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- Statistical separation of observed global and European climate data into natural and anthropogenic signals (2003)
- Observed global and European spatiotemporal related fields of surface air temperature, mean-sea-level pressure and precipitation are analyzed statistically with respect to their response to external forcing factors such as anthropogenic greenhouse gases, anthropogenic sulfate aerosol, solar variations and explosive volcanism, and known internal climate mechanisms such as the El Niño-Southern Oscillation (ENSO) and the North Atlantic Oscillation (NAO). As a first step, a principal component analysis (PCA) is applied to the observed spatiotemporal related fields to obtain spatial patterns with linear independent temporal structure. In a second step, the time series of each of the spatial patterns is subject to a stepwise regression analysis in order to separate it into signals of the external forcing factors and internal climate mechanisms as listed above as well as the residuals. Finally a back-transformation leads to the spatiotemporally related patterns of all these signals being intercompared. Two kinds of significance tests are applied to the anthropogenic signals. First, it is tested whether the anthropogenic signal is significant compared with the complete residual variance including natural variability. This test answers the question whether a significant anthropogenic climate change is visible in the observed data. As a second test the anthropogenic signal is tested with respect to the climate noise component only. This test answers the question whether the anthropogenic signal is significant among others in the observed data. Using both tests, regions can be specified where the anthropogenic influence is visible (second test) and regions where the anthropogenic influence has already significantly changed climate (first test).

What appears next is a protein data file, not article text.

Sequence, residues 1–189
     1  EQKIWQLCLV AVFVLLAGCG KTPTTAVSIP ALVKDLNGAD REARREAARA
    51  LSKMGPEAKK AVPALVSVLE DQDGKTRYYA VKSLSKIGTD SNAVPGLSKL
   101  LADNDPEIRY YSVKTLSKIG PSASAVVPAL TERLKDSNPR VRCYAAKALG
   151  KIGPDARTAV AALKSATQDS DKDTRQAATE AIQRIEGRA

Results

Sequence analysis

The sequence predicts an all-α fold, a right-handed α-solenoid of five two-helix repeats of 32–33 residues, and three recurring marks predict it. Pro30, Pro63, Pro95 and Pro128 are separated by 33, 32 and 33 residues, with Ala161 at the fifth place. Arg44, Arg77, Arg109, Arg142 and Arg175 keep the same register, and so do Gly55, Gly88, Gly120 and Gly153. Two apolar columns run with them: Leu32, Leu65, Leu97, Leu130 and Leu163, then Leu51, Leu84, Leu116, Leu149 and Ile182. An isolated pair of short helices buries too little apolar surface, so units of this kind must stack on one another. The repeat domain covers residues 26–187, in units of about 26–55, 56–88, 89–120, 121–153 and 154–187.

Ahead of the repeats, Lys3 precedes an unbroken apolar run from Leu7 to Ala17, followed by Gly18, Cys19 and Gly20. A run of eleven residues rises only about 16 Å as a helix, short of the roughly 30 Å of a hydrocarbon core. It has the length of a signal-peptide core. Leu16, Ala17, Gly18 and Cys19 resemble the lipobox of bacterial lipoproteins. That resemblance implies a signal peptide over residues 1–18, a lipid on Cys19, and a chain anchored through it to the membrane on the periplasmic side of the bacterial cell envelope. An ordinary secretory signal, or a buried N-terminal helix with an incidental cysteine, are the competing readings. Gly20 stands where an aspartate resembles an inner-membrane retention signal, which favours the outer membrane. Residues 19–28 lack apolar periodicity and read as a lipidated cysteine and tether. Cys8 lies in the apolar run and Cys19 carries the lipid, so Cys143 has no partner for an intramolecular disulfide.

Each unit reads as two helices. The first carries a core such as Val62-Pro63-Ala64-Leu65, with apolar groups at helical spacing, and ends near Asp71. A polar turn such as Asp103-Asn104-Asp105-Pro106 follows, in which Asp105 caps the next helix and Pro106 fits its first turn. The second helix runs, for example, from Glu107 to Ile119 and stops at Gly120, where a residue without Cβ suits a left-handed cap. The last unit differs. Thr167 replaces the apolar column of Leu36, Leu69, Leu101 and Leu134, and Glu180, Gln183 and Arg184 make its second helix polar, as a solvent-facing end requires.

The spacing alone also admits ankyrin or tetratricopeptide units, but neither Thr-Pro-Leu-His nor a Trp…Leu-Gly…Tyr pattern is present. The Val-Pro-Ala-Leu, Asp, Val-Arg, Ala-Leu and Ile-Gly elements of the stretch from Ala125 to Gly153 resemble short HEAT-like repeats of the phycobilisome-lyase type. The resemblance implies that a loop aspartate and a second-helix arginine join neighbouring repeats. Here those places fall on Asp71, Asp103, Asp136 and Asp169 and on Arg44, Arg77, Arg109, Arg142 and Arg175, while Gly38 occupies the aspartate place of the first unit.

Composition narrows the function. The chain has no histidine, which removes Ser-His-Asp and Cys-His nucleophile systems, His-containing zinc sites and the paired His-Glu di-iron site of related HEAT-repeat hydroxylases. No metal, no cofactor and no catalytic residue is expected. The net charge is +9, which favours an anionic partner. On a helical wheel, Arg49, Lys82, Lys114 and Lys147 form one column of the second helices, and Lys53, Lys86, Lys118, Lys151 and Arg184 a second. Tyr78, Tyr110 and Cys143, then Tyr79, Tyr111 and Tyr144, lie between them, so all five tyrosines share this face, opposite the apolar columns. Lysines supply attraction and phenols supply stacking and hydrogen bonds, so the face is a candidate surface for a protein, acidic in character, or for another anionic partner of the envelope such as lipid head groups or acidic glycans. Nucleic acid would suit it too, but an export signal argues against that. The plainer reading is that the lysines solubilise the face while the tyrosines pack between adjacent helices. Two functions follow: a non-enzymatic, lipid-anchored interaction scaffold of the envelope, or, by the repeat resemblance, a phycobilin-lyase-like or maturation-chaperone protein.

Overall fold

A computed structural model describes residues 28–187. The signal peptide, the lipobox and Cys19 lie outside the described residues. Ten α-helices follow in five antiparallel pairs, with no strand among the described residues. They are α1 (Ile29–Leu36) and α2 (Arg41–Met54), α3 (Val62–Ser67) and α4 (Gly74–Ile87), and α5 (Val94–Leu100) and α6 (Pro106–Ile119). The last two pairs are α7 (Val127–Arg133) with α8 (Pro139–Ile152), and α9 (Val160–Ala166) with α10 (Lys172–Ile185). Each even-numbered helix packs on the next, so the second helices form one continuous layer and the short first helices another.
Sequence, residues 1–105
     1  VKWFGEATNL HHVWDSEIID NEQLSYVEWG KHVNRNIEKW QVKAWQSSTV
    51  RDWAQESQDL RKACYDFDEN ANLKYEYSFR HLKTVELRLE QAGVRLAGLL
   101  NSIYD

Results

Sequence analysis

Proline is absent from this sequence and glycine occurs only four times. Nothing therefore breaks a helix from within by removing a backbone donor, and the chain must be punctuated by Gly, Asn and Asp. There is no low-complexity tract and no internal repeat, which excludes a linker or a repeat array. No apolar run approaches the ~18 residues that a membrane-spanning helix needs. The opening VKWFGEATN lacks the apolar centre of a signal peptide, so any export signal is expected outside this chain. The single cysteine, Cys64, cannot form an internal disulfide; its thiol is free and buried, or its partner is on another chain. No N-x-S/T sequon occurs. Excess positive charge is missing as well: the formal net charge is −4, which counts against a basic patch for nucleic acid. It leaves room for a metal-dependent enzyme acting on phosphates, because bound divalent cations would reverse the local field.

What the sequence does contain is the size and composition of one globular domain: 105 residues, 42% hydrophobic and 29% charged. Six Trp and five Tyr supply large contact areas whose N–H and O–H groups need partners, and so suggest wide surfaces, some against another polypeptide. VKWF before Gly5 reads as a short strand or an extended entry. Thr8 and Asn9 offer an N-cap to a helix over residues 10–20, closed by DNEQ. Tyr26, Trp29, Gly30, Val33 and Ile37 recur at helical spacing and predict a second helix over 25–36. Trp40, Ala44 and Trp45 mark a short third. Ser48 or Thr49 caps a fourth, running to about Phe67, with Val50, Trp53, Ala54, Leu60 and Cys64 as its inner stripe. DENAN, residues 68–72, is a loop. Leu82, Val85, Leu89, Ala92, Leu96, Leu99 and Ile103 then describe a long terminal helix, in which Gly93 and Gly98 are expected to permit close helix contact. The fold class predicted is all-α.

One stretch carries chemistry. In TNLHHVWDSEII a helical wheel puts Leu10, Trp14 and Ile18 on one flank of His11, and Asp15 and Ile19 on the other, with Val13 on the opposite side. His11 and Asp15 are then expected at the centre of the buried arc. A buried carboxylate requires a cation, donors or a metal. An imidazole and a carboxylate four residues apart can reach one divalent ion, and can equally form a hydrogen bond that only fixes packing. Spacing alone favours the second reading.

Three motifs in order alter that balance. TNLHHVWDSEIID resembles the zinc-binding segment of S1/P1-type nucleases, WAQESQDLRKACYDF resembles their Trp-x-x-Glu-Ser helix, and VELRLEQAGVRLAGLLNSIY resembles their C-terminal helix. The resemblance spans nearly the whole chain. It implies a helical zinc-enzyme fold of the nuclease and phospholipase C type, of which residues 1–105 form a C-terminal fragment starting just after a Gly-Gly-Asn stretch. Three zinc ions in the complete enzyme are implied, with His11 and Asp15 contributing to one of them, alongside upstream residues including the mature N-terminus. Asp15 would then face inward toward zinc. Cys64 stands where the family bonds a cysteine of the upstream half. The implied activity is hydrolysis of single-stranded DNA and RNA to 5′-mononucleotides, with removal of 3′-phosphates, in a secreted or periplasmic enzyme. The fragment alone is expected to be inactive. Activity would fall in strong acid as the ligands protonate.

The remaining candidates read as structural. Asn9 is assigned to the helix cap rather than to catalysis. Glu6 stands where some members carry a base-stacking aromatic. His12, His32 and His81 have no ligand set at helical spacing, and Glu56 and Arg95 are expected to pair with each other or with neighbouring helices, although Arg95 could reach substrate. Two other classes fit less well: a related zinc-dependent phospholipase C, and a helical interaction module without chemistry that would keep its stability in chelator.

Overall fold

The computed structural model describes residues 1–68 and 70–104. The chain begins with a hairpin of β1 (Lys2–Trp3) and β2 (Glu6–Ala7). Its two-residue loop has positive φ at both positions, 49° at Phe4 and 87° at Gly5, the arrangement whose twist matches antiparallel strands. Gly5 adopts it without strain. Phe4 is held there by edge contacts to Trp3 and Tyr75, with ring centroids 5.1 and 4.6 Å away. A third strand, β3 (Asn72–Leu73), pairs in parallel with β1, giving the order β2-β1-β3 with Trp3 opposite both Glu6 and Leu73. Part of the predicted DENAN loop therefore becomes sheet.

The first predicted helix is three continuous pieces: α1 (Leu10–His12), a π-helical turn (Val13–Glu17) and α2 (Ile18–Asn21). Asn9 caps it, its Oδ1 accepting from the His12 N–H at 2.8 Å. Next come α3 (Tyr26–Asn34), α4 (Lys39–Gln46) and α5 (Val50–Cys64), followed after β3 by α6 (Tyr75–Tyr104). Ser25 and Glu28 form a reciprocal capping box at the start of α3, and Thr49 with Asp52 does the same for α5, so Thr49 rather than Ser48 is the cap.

- Statistical analyses for the purpose of an early detection of global and regional climate change due to the anthropogenic greenhouse effect (2000)
- The assumption that mankind is able to have an in uence on global or regional climate, respectively, due to the emission of greenhouse gases, is often discussed. This assumption is both very important and very obscure. In consequence, it is necessary to clarify definitively which meteorological elements (climate parameters) are in uencend by the anthropogenic climate impact, and to which extent in which regions of the world. In addition, to be able to interprete such an information properly, it is also necessary to know the magnitude of the different climate signals due to natural variability (for example due to volcanic or solar activity) and the magnitide of stochastic climate noise. The usual tool of climatologists, general circulation models (GCM) suffer from the problem that they are at least quantitatively uncertain with regard to the regional patterns of the behaviour of climate elements and from the lack of accurate information about long-term (decadal and centennial) forcing. In contrast to that, statistical methods as used in this study have the advantage to test hypotheses directly based on observational data. So, we focus to the very reality of climate variability as it has occurred in the past. We apply two strategies of time series analyis with regard to the observed climate variables under consideration. First, each time series is splitted into its variation components. This procedure is called 'structure-oriented time series separation'. The second strategy called 'cause-oriented time series separation' matches various time series representing various forcing mechanisms with those representing the climate behaviour (climate elements). In this way it can be assessed which part of observed climate variability can be explained by this (combined) forcing and which part remains unexplained.